What Commercial Real Estate Investors Need To Know About COVID-19
There’s a lot of information going around right now regarding COVID-19, with much of it seeming to change minute-by-minute. As a real estate private equity sponsor, we have to analyze every piece of information in order to make the best decisions not only for our investors but also the economy as a whole. That is why we’ve decided to take a moment to examine the potential impacts of COVID-19 and the effects it’ll have on our global economy as well as the commercial real estate market.
COVID-19’s Impact On Our Global Economy
The Supply Chain & Stock Market
China’s supply chain market has been impacted heavily by the outbreak of COVID-19. Production of goods has faltered along with the distribution of finished products, creating a significant slowdown in the transport of raw materials that has vastly affected the global supply chain.
The immediate impact of the virus has been clear as the global GDP rate is assumed to be the lowest in 30 years (projected to be around 2%). In the US, the S&P 500 currently has a negative 24% return year-to-date in 2020.
Despite the supply chain slowdown and current state of our markets, we anticipate a significant economic surge when the virus passes and the flow of goods to resume – hopefully in the second half of 2020 – which should help introduce some stability back into our markets.
As many hourly workers and unions are forced to stay home, unemployment numbers will undoubtedly climb. However, this should only be temporary. The good news is that most economists do not yet see long-term systematic risk in the marketplace as governments are aggressively intervening to stabilize them. President Trump recently signed a Coronavirus Relief Bill that will provide immediate relief in the form of a monthly check sent to the U.S. citizens most in need.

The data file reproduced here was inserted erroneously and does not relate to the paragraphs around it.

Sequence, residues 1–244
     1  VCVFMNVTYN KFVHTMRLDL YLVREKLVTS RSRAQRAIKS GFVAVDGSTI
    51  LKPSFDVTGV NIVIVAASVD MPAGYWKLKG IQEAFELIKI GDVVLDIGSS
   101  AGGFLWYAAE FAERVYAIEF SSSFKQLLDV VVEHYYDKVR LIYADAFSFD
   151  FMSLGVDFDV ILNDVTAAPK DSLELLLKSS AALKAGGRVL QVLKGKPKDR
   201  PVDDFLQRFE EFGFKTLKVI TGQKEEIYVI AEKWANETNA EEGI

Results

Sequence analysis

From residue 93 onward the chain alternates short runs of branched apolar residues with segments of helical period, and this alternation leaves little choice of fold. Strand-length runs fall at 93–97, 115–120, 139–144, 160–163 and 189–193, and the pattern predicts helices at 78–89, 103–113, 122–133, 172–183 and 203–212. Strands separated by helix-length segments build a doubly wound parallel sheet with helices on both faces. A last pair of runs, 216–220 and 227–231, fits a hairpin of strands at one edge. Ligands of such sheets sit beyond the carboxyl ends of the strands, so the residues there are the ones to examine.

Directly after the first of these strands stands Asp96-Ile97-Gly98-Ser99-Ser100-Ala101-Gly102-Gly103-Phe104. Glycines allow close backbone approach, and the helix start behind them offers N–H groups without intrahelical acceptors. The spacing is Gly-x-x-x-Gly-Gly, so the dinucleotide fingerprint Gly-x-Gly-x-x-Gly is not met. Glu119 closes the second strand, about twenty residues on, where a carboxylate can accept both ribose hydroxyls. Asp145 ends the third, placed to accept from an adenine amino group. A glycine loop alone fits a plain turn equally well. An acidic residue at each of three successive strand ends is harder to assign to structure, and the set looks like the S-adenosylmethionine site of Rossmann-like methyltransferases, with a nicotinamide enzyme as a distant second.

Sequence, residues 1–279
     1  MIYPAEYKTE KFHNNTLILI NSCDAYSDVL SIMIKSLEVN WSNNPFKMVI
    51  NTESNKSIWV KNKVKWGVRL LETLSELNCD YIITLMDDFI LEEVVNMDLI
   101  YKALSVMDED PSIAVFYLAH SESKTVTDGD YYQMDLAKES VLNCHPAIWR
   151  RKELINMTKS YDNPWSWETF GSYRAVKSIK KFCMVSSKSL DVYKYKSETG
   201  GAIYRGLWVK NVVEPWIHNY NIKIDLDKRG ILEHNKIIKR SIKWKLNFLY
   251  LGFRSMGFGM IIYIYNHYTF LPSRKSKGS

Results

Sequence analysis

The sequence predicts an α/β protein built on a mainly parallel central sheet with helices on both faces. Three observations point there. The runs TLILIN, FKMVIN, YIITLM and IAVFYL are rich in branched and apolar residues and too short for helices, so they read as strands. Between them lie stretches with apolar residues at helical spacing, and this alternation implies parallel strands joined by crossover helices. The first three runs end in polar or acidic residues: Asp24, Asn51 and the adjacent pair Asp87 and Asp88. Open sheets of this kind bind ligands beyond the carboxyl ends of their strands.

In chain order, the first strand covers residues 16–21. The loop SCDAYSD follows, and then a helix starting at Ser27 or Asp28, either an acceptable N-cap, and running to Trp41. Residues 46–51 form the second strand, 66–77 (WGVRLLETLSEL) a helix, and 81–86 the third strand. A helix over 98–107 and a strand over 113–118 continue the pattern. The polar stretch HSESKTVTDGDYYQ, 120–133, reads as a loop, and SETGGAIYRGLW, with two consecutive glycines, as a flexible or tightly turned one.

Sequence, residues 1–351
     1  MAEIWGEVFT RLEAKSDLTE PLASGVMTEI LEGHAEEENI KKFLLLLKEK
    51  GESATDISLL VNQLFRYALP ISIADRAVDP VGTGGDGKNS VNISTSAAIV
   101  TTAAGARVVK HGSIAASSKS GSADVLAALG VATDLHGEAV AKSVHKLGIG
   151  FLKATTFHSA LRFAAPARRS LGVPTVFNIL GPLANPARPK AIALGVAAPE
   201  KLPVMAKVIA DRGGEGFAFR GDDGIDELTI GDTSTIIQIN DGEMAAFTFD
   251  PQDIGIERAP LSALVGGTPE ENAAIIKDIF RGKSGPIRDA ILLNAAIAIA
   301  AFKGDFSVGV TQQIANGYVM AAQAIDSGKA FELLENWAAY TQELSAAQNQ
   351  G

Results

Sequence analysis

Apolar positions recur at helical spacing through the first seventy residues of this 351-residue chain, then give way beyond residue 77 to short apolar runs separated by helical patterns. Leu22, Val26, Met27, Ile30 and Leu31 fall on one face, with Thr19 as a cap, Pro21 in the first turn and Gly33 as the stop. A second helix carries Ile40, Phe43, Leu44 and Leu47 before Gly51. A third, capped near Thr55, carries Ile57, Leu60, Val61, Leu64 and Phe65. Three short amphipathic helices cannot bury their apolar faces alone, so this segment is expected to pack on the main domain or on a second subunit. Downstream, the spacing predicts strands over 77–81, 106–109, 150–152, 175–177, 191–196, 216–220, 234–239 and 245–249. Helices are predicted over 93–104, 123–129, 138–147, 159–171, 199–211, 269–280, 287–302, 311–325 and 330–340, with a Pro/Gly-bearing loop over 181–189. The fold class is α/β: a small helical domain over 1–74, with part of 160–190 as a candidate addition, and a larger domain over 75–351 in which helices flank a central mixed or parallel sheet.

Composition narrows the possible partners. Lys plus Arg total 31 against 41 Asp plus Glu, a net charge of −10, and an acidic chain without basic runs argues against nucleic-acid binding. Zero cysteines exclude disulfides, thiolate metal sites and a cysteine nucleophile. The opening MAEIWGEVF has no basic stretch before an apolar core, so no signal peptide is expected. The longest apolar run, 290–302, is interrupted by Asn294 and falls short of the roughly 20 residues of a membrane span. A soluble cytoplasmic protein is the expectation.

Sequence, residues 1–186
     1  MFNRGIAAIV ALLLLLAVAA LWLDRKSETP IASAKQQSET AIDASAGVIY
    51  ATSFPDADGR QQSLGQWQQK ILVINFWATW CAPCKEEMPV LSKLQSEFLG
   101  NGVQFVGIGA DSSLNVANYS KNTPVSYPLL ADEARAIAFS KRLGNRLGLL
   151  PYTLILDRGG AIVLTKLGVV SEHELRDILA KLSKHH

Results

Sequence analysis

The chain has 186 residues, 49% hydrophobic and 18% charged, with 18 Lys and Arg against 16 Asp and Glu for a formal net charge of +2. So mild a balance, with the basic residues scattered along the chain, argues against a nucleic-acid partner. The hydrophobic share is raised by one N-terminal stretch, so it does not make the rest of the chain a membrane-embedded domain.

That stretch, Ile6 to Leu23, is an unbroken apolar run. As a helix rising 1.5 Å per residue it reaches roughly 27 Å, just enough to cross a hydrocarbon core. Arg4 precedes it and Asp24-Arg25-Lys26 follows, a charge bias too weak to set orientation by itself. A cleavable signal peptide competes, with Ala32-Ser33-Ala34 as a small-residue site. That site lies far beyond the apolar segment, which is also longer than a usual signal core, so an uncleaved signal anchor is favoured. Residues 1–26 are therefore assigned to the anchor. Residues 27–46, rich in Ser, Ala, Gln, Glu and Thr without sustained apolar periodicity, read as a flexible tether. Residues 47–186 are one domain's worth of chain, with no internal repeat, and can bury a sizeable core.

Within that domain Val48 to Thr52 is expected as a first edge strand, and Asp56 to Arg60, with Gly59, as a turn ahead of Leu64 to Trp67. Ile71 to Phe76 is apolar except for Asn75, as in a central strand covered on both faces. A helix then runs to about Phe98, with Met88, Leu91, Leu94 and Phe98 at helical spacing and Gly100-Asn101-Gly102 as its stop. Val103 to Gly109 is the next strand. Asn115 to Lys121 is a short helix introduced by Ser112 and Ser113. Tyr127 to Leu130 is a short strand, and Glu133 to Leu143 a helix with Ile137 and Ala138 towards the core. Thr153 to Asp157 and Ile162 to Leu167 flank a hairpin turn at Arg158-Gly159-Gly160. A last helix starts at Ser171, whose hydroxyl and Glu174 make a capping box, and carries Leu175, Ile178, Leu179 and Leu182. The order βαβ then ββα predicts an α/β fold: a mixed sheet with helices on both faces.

Capital Market Volatility and Its Impact on Commercial Real Estate
As mentioned in a previous article, the stock market does not deal well with uncertainty. The real damage to the markets is driven by psychology, as fear takes over fact – which is best exemplified by the public’s inflated sense of scare leading to a mass run on toilet paper. As investors react to the uncertainty that comes with COVID-19, investment activity is likely to slow in the first half of 2020, with travel, entertainment and service industries being most affected.
It is our belief that we will start to see a shift to more defensive assets that offer greater income stability. Over the next few months and years, we anticipate increased capital deployment into yield-producing commercial real estate as some stock market risk is taken off the table and reallocated to the sector. With Treasury rates unbelievably low (the 10-year Treasury is hovering around 1%), commercial real estate will likely be the recipient of fresh capital inflow as individuals, pensions and institutional investors flock to the space.
The Future of Office Markets